Teaching materials

                                                             Is teacher producing and using teaching
                                                             materials?

                                                             Is contents of the teaching materials
                                                             adequate for all students and used for
                                                             outcome achievement?

                                                             Volume of teaching materials is adequate to
                                                             planed lesson structure?


                                                             Teaching materials contains clear instructions
                                                             for students and teachers?

                                                             Teaching aids and vocational equipment

                                                             Teachers use a protocol for using teaching
                                                             aids and equipment


                                                             Usage of teaching aids and equipment is
                                                             supporting outcome achievement
Protocol for monitoring the implementation of pilot profiles
                                      Monitoring method




                                                                                                                  Visit to a lesson
                                                                                   documentation
                                                                                   and evidences
            Indicator                                                                                                                                        Comment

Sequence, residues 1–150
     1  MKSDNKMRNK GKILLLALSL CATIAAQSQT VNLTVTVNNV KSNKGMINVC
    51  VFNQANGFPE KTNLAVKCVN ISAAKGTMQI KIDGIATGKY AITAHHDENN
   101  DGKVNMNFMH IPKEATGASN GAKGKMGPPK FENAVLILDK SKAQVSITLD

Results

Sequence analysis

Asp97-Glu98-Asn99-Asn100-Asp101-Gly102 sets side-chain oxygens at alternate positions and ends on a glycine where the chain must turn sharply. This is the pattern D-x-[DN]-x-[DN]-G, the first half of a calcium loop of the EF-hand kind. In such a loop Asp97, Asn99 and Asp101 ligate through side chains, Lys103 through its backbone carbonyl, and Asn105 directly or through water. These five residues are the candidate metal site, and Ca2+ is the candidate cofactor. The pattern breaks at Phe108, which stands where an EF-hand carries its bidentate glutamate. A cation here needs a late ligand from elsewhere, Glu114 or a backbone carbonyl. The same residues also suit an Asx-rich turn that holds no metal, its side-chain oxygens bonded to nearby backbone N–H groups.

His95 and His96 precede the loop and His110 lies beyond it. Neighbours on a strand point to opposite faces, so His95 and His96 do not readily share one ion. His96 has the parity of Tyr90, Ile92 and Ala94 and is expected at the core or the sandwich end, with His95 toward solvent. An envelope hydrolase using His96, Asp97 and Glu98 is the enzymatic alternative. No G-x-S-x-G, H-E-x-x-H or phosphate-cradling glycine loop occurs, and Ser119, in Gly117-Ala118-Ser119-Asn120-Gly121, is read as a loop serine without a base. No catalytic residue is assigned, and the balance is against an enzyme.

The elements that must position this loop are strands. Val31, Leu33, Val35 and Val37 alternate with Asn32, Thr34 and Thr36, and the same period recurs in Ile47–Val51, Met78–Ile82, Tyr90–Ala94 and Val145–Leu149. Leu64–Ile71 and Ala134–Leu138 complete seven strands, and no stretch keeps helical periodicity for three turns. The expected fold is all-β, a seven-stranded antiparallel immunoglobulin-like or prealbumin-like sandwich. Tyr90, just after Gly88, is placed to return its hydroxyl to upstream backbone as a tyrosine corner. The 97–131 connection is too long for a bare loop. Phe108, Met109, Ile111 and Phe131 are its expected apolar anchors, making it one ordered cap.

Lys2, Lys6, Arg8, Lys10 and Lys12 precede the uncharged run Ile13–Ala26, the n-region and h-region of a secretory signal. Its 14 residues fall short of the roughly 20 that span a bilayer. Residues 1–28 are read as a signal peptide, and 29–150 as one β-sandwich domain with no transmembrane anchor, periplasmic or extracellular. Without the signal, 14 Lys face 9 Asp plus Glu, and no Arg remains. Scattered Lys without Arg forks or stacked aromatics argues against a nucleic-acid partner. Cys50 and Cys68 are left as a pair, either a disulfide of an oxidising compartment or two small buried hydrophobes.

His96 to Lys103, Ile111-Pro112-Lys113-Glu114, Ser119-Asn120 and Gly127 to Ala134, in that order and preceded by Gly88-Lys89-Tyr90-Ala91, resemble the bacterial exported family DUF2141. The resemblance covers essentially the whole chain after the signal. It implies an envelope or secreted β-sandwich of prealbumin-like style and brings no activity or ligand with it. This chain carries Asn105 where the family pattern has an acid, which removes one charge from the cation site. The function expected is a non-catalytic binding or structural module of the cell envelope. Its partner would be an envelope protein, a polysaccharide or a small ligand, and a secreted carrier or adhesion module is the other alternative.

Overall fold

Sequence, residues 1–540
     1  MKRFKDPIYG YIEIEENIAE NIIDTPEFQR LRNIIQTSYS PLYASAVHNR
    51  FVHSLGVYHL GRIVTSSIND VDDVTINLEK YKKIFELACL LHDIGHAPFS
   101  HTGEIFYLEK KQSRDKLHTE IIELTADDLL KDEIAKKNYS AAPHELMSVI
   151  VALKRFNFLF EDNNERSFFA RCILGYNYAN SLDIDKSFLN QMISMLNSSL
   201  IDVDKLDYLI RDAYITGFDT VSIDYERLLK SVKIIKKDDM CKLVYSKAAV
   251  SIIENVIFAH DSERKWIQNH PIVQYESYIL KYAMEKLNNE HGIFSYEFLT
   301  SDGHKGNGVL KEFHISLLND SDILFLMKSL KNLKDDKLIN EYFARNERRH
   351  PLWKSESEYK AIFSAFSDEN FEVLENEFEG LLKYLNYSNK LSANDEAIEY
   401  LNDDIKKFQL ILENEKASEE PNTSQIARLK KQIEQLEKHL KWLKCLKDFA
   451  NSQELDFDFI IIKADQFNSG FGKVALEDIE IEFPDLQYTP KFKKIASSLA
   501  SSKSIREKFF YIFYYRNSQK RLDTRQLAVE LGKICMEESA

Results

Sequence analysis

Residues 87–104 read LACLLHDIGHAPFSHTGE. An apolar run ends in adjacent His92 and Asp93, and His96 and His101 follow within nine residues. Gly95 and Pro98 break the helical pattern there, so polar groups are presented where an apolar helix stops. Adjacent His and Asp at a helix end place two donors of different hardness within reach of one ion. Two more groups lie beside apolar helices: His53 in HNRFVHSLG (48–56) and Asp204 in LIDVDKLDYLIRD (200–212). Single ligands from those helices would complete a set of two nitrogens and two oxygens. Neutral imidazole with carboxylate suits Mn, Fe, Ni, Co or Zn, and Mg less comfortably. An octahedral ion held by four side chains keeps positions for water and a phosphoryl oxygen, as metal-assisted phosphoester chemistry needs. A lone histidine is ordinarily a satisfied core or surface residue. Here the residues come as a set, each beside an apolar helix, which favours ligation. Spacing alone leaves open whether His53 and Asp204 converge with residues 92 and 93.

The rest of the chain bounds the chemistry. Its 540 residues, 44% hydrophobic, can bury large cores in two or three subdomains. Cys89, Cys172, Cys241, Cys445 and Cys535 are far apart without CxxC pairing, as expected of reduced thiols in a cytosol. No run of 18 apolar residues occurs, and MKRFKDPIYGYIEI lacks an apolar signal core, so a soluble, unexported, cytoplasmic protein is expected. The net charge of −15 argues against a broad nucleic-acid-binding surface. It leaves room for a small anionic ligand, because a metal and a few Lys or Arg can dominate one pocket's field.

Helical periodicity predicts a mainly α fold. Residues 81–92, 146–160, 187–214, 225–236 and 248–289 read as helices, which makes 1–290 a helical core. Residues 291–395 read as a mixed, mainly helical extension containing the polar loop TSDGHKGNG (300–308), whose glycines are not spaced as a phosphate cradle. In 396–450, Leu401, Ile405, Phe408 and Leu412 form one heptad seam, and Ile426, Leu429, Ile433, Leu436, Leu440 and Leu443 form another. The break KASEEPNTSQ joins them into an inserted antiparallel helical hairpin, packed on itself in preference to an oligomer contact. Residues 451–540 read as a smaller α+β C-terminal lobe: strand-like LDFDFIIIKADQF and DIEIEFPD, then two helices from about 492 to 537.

pedagogical




                                                                                                                                      Interviewing
                                                                                                   Talking with
                                                                          Yes/No
                                                                                   Checking




                                                                                                   teachers




                                                                                                                                      students


                                                                                                                                                     Other
            Teacher is using assessment plan?
            Assessment (module/subject, outcomes) planning exists
            (can be within outcomes achievement plan)?
            Are tests / knowledge tests developed and in use?
            Skills assessment check list (or other ways for skills
            assessment) are developed and in use
            Key competencies assessment check list is developed
            and in use
            Different methods and techniques for assessment are
            used
            Qualitative analysis of assessment process
            Teachers are using Bloom’s taxonomy while formulating